November 02, 2005 10:56 AM  
Blogger girish said...

If I had kids, I'd be envious of Jeannette and how well she gets along with hers.

November 02, 2005 11:09 AM  
Blogger Musing said...

Thanks for the link, Girish. With four young adults in the house life is certainly never dull!

And I enjoyed reading your review. Good job balancing the positive and negative. Also, Ikuni will *love* that Art Voice cover.

November 02, 2005 12:33 PM  
Blogger girish said...

Thank you, Jeannette. Glad you enjoyed it.

Some reading:
First, get eye-smacked by this post and its title.
Then, discover that Anne "Vampire" Rice is nuts about posting reviews on amazon.

November 02, 2005 1:15 PM  
Blogger Tuwa said...

Well, it's a thoughtful review you made of it, at least. :-) Pity the film didn't live up to expectations, though.

November 02, 2005 1:18 PM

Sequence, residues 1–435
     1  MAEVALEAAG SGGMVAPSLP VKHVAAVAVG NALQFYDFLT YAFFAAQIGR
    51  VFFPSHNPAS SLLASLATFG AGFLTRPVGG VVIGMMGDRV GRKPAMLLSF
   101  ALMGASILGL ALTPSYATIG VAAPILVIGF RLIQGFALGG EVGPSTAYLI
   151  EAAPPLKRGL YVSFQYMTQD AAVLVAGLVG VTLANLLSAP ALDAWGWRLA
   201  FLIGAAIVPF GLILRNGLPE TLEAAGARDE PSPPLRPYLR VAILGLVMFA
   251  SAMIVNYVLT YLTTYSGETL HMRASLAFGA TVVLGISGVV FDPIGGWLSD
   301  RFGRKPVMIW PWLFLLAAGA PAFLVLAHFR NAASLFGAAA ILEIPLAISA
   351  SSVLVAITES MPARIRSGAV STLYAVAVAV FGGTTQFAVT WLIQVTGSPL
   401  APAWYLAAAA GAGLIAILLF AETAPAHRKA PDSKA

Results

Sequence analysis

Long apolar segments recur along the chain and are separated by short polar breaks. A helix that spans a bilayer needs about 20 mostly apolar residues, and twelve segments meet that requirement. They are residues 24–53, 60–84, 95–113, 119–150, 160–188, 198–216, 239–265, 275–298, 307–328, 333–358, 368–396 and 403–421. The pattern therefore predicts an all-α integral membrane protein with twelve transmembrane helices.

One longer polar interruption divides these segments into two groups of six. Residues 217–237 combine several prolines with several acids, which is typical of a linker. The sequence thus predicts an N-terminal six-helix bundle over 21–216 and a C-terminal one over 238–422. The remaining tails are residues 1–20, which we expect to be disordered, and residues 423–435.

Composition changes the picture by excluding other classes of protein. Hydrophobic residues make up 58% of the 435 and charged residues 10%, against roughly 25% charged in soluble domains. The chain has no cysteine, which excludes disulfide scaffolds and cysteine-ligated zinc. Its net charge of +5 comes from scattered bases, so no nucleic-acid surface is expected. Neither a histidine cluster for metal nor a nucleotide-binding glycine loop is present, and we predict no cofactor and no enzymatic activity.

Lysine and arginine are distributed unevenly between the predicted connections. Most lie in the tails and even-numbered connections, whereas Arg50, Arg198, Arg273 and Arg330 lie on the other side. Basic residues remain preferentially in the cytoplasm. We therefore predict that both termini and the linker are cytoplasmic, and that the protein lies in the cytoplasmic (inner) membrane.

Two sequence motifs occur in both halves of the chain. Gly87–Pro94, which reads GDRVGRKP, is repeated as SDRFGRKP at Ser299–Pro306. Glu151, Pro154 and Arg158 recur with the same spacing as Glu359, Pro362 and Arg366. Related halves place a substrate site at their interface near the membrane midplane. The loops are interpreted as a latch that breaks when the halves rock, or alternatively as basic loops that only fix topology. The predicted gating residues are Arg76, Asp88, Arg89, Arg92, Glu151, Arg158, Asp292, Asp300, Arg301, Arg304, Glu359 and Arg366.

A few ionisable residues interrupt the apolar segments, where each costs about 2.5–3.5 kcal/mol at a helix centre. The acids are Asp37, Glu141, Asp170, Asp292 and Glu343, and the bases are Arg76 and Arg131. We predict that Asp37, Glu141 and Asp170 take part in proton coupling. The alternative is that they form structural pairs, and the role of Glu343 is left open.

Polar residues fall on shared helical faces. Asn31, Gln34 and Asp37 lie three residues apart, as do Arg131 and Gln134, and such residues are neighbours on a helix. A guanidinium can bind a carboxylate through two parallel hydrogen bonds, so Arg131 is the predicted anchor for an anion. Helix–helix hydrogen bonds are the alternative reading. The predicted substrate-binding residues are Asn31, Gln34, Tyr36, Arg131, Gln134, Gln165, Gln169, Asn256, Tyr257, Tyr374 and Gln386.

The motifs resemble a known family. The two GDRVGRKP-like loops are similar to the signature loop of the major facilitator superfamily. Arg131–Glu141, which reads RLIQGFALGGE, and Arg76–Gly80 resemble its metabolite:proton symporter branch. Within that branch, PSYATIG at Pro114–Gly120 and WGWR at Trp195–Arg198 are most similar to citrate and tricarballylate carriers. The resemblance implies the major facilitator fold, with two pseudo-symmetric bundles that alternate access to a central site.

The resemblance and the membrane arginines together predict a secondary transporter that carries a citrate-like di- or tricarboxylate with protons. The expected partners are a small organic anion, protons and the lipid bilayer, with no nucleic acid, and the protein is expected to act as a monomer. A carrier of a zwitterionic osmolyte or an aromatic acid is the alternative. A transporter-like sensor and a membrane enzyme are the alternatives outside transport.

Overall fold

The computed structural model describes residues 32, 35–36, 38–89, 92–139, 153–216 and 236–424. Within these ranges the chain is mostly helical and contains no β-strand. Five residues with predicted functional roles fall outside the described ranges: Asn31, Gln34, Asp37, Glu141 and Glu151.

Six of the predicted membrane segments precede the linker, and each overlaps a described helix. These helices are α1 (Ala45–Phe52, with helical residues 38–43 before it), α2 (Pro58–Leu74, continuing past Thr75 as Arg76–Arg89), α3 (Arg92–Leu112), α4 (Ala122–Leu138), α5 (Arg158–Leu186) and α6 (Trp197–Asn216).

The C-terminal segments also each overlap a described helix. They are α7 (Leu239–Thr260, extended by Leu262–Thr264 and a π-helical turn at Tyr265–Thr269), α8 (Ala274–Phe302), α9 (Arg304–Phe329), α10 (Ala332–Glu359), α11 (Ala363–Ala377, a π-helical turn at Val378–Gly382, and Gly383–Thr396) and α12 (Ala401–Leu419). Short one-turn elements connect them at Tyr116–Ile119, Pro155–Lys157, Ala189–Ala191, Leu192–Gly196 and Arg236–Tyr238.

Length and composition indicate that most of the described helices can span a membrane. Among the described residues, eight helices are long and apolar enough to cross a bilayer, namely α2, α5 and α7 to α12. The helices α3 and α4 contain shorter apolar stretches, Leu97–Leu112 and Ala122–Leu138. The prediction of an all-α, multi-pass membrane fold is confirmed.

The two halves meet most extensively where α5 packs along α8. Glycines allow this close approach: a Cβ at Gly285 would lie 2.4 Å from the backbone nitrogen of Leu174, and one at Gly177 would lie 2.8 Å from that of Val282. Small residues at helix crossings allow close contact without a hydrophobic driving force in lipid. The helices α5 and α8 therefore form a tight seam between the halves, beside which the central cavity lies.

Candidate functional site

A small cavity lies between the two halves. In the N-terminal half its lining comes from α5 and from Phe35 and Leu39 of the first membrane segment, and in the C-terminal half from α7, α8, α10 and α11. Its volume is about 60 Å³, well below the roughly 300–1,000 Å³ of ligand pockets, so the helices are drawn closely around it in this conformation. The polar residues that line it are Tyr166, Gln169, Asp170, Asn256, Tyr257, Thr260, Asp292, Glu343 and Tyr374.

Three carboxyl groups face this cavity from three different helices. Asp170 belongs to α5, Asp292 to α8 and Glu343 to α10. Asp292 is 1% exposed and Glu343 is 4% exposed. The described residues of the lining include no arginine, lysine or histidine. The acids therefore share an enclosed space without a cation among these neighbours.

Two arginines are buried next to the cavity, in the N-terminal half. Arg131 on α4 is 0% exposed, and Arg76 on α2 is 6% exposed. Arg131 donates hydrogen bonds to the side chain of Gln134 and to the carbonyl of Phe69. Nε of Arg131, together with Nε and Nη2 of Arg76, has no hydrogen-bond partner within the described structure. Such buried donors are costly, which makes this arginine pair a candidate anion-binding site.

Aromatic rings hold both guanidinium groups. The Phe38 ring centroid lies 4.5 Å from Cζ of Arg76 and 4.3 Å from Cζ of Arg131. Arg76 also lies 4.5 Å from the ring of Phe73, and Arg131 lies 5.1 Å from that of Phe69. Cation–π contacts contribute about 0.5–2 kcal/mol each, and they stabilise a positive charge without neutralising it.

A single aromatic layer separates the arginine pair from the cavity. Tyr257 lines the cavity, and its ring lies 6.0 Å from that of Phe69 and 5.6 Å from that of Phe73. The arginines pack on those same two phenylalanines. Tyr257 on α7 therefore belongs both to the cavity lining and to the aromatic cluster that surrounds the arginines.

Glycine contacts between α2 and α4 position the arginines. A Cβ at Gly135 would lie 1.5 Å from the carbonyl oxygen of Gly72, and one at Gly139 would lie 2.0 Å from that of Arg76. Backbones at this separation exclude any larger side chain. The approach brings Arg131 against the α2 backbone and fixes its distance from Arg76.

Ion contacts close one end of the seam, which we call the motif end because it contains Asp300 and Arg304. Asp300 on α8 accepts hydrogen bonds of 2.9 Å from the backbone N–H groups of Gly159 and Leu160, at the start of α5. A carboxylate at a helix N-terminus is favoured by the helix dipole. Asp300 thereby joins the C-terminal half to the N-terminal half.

Anonymous Michael said...

Girish, I enjoyed your review of Egoyan's film and appreciate the way in which you wrestled about how you approached it. Criticism can be a tricky thing, I think. There are definitely many films (and novels and music, and so on) that deserve to be torn apart, but I think you're right to suggest that doing so can have implications that go beyond just the review and the film. I do believe that, as reviewers, our ultimate obligation is to the art we are reviewing, but there are definitely times when other considerations or obligations can creep in.